Customer support was then contracted out to a 3rd-party call center in Utah. and the CEO sold the company to some tech giant, probably for several billion dollars.
And that is the story on how America has always been great, and is great again, and will be great forever.
Spoken like a true recent grad, who will redo the same mistakes that figured out 20 years ago.
Wouldn't it be nice if your employer provided time and resources for you to retrain? A lot of folks have a full workload and then some, and there's no way to take time away from family responsibilities to learn new tech that they might or might not have a need & opportunity to use.
I'm just sayin', be careful you don't turn into one of those "old bags", one day. It can happen a lot quicker than you probably think.
On the flip side, I've seen some old guys learn new tricks. It takes time & effort, but most smart and motivated folks are up to it.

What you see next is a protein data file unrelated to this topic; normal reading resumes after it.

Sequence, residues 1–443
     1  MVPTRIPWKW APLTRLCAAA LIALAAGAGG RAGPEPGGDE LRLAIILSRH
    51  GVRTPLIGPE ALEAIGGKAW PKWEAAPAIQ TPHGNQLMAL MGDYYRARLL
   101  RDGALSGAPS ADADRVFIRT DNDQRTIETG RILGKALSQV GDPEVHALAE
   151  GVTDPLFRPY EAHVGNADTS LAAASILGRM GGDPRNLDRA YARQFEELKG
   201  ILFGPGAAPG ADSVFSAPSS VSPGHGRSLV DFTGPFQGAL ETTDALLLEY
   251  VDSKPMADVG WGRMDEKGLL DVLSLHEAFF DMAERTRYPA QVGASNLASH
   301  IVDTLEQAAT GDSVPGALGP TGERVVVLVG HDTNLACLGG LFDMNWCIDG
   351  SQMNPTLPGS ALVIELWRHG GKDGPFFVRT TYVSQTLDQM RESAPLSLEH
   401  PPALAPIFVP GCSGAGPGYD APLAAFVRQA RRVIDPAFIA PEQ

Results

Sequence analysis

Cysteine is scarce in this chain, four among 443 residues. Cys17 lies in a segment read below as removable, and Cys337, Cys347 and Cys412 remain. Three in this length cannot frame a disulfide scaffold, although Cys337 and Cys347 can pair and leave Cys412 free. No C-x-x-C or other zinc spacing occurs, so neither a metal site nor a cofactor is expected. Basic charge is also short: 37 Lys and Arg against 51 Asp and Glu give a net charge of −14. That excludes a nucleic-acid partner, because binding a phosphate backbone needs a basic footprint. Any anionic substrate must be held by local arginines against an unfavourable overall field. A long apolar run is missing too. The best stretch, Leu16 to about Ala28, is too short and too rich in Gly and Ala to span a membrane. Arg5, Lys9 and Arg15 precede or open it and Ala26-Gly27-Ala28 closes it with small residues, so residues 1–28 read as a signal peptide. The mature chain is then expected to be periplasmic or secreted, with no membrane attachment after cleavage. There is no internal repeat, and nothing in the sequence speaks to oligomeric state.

Many of my projects with world-class cellular companies typically took me a day and a half to explain to these young guys why they were clueless (with some tact). If they tried it without someone with deep experience I was assured of a call 4 months later looking for help on the day before the executive demonstration when their entire architecture was completely wrong.
IBM executives often did not have a clue unless they have had lots of real experience and the young "legends in their own mind" would spend hours trying to convince me that their architecture was perfectly fine. My advice to the sales rep was to walk away from these disasters. No one could fix months worth of wrong decisions over the weekend. Later if the customer wanted to try again with experts help then we should consider it. And the development architects were always ready to help because they knew I had done my homework. Give me one good experienced and typically older architect and they can save these companies from disasters attempted by green technical hires. I have taken naps in some of the best computer rooms in the world and can highly recommend a roll of bubble wrap for a quick 30 minute nap! I am now retired and I am very well adapted to this lifestyle so I can offer my opinions but am no longer in the business of managing, or avoiding disasters. I had the pleasure of working with some of the best IT architects and product developers on the planet during my time at IBM.
In my opinion, you are clueless.